FOR IMMEDIATE RELEASE|
THURSDAY, JUNE 6, 2002
TDD (202) 514-1888
COMPANY PRESIDENT CHARGED IN CAVIAR SMUGGLING CONSPIRACY
Miami-Based Ring Allegedly Used Paid Couriers To Smuggle Caviar In Suitcases
WASHINGTON, D.C.– Viktor Tsimbal, the President of Beluga Caviar Inc. has been arrested and charged with organizing a caviar smuggling conspiracy in violation of wildlife protection laws, including the Endangered Species Act. An indictment was returned by a federal grand jury in Miami, Fla., and announced today by Guy Lewis, United States Attorney for the Southern District of Florida, and Tom Sansonetti, Assistant Attorney General for the Justice Department's Environment and Natural Resources Division.
Tsimbal, 43, is a Russian national and at the time of the offenses was the president and owner of Beluga Caviar, Inc., a Florida corporation located in North Miami Beach. The indictment charges that Tsimbal paid couriers to smuggle suitcases filled with caviar into the United States.
"Recent prosecutions have demonstrated that the caviar trade is plagued by unscrupulous black market trafficking that requires vigorous enforcement," said Sansonetti. "The Justice Department is dedicated to enforcing the laws designed to protect and preserve protected species."
United States Attorney Lewis said, "We are committed to vigorously prosecuting those who place the prospect of profits before environmental concerns and violate the Federal Endangered Species Act."
Sturgeon are a species of prehistoric origin that can live up to 100 years. Because the time necessary to reach egg-bearing age can be up to 20 years and because the fish is killed in the process of obtaining the roe that is salted to make caviar, sturgeon are especially vulnerable. A major threat to the survival of the sturgeon is the trade in black market caviar smuggled from Russia and other Caspian sea nations.
The indictment alleges that Tsimbal made travel arrangements, including airline and hotel accommodations for three paid couriers. Couriers were put up in an apartment in Warsaw, Poland where they were given pre-packed luggage filled with caviar. Three of Tsimbal's couriers made a total of 48 trips during a 13 month period in 1998-1999, according to the indictment.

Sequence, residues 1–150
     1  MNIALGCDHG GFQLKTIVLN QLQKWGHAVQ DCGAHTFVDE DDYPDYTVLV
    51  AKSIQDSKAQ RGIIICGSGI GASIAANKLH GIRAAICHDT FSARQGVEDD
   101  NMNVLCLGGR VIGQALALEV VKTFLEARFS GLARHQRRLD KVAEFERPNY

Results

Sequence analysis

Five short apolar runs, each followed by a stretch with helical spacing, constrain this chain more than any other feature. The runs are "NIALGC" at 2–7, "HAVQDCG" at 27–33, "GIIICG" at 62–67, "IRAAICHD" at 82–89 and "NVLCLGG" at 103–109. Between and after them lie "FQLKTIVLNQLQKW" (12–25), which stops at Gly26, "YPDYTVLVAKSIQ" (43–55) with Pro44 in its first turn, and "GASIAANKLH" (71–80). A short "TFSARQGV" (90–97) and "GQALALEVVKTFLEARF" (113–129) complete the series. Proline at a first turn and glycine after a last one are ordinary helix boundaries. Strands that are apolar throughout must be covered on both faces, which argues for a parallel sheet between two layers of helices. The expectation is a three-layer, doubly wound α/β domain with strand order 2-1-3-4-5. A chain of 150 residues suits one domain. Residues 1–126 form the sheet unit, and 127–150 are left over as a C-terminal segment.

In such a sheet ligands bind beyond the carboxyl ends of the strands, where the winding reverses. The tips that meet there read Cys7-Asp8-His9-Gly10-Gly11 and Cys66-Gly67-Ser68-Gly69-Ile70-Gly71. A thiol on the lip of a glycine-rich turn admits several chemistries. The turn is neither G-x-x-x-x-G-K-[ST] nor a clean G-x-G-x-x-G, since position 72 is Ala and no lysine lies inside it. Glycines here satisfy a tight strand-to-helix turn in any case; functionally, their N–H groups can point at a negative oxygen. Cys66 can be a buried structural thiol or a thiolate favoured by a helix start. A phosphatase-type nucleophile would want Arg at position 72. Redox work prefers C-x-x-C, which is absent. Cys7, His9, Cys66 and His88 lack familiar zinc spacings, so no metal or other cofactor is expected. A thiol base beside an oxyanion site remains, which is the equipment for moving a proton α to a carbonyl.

Tsimbal is also charged with money laundering for depositing the proceeds of the wildlife smuggling scheme into foreign bank accounts, and with obstruction of justice for directing a witness to provide false testimony to the grand jury. A total of $390,000 was deposited by Tsimbal into a bank account maintained in the name of one of the smugglers, according to the indictment. According to Court documents, the investigation began after Tsimbal offered to sell sturgeon caviar with false labels stating that the contents were "Lumpfish Roe" – an unprotected species. Today's indictment charges that the defendant purchased this caviar from a smuggler.
If convicted, Tsimbal could face up to five years in prison for each of seven counts charging conspiracy and smuggling. The maximum sentence for each of two counts of money laundering is twenty years in prison and the two counts of obstruction of justice each carry a possible term of ten years in prison. The maximum criminal fine for each of the 11 felony counts contained in the indictment is $250,000, or twice the gross gain or loss from the crime.
The case is being investigated by special agents with the U.S. Fish & Wildlife Service, U.S. Customs Service as well as the Food and Drug Administration, and is being prosecuted by the U.S. Attorney's Office for the Southern District of Florida and the Department of Justice Environment and Natural Resources Division. The investigation is continuing.